May’s charmed life continues, but you can sense the luck running out.

December 12, 2018

by Martin Odoni

Theresa May has tonight survived the Vote of No Confidence in her leadership of the Conservative Party, as she was expected to. But it was not as decisive as I expected.

Confidence In Theresa May vote

The result of the Tory Party ‘Vote of Confidence’ in Theresa May, December 2018

Now I am certainly not going to go crazy here and suggest that this is a disaster for the Prime Minister. A victory by as little as one vote would not be that. However, this is not really a good result for May either. Reports on BBC radio suggest she was told the final vote tallies in advance of the formal announcement. My suspicion is, what with her cowardly penchant for censorship, she was quietly wishing that the announcement would be restricted to the fact that she won, and that the ‘final score’ would not be read out. Because it was genuinely startling to hear just how many of her MPs voted against her.

Recalling John Major’s re-election as Tory leader in 1995 against John Redwood; Major won that contest with around one-quarter of the Parliamentary Party voting against him. This was considered an adequate but unimpressive, fairly indifferent showing. It gave him enough authority to see out his full term as Prime Minister, but no one was exactly in awe of his victory.

Likewise here, May won but with over one-third of the party voting against her, and during a Hung Parliament at that.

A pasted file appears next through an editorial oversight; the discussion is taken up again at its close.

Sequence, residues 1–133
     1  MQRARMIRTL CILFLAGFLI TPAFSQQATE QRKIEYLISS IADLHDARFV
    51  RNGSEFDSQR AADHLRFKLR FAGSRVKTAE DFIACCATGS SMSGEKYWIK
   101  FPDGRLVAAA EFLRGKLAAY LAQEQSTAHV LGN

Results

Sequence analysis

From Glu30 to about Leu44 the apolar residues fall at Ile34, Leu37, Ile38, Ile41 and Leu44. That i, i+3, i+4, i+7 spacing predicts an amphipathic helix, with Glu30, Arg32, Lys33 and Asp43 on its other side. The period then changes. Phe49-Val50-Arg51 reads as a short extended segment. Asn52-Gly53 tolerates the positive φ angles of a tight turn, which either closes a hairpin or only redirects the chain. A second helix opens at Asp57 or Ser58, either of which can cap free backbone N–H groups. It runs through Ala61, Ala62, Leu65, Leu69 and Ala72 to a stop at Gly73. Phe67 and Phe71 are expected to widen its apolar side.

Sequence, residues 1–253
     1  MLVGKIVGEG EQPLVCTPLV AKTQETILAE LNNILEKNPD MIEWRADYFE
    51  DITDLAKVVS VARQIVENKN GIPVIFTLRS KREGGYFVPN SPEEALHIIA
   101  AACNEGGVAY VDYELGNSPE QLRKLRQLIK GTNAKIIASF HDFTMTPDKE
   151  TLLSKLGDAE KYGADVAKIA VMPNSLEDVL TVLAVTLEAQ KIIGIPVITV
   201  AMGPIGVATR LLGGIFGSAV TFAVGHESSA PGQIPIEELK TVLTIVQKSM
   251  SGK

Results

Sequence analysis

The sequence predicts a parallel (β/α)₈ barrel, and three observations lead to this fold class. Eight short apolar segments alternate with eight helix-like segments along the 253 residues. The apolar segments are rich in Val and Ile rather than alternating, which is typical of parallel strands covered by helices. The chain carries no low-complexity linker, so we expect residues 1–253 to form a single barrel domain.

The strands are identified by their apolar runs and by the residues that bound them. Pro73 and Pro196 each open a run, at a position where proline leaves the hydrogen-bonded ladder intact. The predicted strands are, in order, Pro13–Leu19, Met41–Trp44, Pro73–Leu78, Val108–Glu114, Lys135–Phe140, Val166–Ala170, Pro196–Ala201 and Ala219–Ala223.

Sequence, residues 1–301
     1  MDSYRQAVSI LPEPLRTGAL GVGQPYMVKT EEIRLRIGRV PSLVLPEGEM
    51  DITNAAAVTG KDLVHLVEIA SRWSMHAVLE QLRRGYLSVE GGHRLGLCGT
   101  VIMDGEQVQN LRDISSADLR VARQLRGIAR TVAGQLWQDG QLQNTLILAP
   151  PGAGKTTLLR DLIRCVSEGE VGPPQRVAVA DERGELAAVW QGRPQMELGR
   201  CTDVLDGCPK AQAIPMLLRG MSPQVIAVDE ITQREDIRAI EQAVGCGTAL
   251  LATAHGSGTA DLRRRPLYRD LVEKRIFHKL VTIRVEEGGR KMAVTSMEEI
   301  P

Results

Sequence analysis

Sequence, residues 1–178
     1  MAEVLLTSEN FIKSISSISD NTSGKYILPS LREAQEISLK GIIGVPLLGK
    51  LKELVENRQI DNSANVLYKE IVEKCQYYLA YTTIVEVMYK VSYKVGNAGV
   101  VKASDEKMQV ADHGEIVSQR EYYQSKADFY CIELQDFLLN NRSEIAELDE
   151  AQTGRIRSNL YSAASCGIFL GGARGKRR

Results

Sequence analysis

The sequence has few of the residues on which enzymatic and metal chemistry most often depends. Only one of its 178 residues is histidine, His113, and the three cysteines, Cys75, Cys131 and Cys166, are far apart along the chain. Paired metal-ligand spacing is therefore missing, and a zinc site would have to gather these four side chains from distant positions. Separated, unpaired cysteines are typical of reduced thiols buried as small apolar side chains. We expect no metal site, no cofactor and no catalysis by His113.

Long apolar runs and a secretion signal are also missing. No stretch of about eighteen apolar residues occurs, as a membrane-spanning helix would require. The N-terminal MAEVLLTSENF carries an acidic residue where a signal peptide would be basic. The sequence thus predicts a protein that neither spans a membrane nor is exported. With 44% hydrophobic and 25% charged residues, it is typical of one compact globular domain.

Now, May was almost certainly never going to lose tonight, the opposition to her from within her own ranks was never likely to be high enough for that, but I for one was expecting the vote against her to be no higher than about sixty. I expected most of the opposition to her to come from the lunatic-Brexiteer-fringe of the Parliamentary Party, and no matter what Jacob Rees-Mogg likes to bluff about it, there really are not that many of them.

Instead, I was genuinely startled to hear that the vote against May was almost double my expectation, thus in treble digits. Or to put it in a way that expresses proportion, over thirty percent of her Parliamentary Party do not believe in her. This Government was already weak and unstable due to the Hung Parliament, and it is now incontrovertibly exposed as brutally divided too.

The margin is not actually narrow, but it is far narrower than it was expected to have been, and the sharp intakes of breath that could be heard all around when the score was announced showed that many Tories themselves are shaken by it.

NOTE: One can make comparisons with Jeremy Corbyn’s victories in the Labour Leadership contests in 2015 and 2016 and argue that the similar proportions show him to be just as weakly placed. But that is not really comparing like-with-like, as tonight was a formal consultation of the party on the performance of the leader, not an actual contest. And the rules for electing the Labour leader are very different from the ones to elect a Conservative leader.

This all leads to some interesting possibilities. We can be sure the Democratic Unionist Party were hoping for a change of leader, so they could resume the post-Election Confidence-&-Supply Arrangement without having to continue dealing with the Prime Minister who lied to them and came back from Brussels with precisely the type of agreement that they cannot support. They would have wanted a new leader elected who would not allow the notorious ‘Brexit Backstop’ arrangement that would effectively establish a customs border in the Irish Sea. But Arlene Foster will instead be frustrated that May will stay as Tory leader for at least another year as things stand. So the DUP will have a very big decision to make in the event of another Vote of No Confidence, this time one in the Government itself in the House of Commons.

Come to that, judging by this result tonight, there may even be some Tory MPs who would now contemplate supporting such a motion too. Significantly less likely, but not as impossible as it seemed this morning.


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